Have you taken up your cross yet today?  Maybe your cross was squelching the cutting word or the racist comment.  Maybe it was forgiving the person who cut you off in traffic.  Maybe it was speaking the unpleasant truth that needed to be said.  Maybe taking up your cross was an act of generosity that grated on your natural selfishness but you did it anyway.  Maybe it was that very difficult sacrifice of moving to the center of the pew so that those lesser Christians, the latecomers, could easily find a seat.  
          The Lord tells us that EVERY DAY we have to take up our cross and follow Him.  And crosses hurt.  They are hard. 
          How do we handle that?  Do we just suck it up and deal with it?  Endure it as best we can?  Or do we - like St Paul - find deep value and meaning in our suffering?
          St. Paul tells us that: “in my flesh I am filling up what is lacking in the afflictions of Christ on behalf of his body, which is the church,”     This is a difficult statement.  Christ has already and fully achieved the redemption of the world.  And yet St. Paul clearly sees that he, and we, are members of the Body of Christ.  What happens to us also happens to Christ in a way.  Therefore we are invited - and are able - to enter into Christ’s redemptive work. 
Jesus has provided a new meaning for suffering by giving it redemptive power.  By His grace we are able to unite our pains and sufferings to Christ’s redemptive passion. 
          This is deep and rather dangerous stuff.  It has been misused many times in the course of history.  It is not that suffering is a good thing that should be sought in itself.  Nor can we ever permit the suffering of others because it would be good for their redemption. 
          These approaches are perversions of this truth.  Suffering always remains an evil that we must battle against.  Jesus went about healing the sick, feeding the hungry and relieving suffering.              
          Rather this teaching of the redemptive quality of suffering is a deep understanding that in this sinful world, to live the Word of God, and to preach the Gospel both by the example of our lives and by our words, will generate opposition, resistance, ridicule: in short, suffering, as well as go against our natural sinful inclinations.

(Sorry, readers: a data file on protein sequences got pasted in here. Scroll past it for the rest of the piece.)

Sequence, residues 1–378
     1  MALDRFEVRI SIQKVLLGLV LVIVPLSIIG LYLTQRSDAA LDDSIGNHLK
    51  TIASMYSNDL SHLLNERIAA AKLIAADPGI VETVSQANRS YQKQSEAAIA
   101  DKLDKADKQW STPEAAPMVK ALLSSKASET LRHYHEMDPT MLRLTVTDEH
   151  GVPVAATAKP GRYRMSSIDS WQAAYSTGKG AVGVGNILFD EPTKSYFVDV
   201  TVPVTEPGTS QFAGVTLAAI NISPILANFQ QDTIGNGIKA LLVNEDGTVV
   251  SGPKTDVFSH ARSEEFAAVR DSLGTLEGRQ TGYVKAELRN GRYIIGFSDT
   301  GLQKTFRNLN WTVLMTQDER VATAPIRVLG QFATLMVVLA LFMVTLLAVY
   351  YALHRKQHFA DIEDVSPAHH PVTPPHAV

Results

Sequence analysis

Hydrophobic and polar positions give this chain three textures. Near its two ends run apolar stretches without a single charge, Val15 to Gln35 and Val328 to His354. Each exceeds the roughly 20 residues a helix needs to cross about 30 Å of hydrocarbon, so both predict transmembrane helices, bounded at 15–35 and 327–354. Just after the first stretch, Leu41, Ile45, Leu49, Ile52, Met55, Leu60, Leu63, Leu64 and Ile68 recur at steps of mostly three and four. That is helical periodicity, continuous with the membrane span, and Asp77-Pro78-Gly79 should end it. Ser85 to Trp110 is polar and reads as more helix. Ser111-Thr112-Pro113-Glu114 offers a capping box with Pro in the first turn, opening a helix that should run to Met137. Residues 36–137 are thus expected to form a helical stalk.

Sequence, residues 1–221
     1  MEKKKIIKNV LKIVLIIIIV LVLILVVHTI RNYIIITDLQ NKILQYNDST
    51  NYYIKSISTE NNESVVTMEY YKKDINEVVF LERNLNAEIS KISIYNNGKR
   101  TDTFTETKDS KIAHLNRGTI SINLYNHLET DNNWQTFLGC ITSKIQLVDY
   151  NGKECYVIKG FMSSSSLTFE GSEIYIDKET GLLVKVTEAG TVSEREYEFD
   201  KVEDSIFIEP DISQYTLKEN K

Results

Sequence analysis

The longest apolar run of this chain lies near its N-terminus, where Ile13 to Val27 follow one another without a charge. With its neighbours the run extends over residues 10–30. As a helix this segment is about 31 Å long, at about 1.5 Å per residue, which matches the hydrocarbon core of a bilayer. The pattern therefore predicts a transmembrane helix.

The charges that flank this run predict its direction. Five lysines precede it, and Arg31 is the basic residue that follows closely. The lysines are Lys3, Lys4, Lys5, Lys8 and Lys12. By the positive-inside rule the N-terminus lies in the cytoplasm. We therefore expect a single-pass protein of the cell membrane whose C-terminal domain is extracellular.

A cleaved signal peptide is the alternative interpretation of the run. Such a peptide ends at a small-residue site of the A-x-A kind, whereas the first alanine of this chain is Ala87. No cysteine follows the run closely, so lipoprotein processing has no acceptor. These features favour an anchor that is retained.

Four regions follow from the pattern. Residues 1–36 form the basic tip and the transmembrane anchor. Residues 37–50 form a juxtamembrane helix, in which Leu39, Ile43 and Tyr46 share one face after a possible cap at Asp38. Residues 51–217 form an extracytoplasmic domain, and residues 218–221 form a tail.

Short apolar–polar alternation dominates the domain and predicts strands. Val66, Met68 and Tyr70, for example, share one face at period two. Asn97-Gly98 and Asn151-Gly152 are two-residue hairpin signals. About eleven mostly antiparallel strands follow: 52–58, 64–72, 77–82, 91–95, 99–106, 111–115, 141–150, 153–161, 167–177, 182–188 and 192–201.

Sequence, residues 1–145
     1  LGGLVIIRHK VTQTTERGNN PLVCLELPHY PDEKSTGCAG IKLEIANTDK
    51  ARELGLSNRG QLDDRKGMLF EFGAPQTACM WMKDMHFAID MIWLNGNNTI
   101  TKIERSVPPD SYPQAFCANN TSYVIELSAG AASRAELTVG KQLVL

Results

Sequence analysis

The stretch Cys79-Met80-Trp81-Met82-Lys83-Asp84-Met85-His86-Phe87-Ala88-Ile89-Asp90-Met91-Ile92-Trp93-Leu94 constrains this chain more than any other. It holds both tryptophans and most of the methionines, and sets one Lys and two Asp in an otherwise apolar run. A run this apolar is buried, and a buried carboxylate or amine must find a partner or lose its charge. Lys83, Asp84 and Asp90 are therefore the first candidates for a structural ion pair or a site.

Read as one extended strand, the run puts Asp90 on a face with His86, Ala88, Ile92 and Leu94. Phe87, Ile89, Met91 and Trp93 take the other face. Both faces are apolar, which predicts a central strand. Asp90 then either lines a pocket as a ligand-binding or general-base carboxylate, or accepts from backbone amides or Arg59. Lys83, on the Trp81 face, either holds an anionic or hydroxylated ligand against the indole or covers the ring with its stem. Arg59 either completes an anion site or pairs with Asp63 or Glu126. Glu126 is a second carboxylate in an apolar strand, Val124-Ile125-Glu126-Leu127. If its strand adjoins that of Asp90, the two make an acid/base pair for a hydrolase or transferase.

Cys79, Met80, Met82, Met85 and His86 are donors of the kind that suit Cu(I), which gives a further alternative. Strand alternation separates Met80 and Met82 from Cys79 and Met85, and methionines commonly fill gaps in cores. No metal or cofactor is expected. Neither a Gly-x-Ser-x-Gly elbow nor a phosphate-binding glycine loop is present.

But this suffering, and indeed any pain and disappointment, born with the attitude of Christ:    that is, an attitude of not hurting back, of not seeking revenge, of not trying to push it off on someone else by becoming grumpy, irritable and angry, of not giving up in despair, but rather bearing suffering in trust of God’s Love for us;  suffering born this way is HEALING.   Somehow it heals the estrangement between us and our neighbors and God.  It is redemptive
          Every one of us, as a member of the Body of Christ, has the privilege of participating in Christ’s redemptive work.  We bear suffering in Christ and in so doing we bring God’s love closer to the world. 
          To “bear” also means to give birth.  From suffering “born” in this way a new way of life is “born”:  beyond revenge, beyond violence, beyond despair.   And for this Paul rejoices.  “now I rejoice in my sufferings for your sake,   and in my flesh I am filling up what is lacking in the afflictions of Christ...”  
          We must do the same.


No comments:

Post a Comment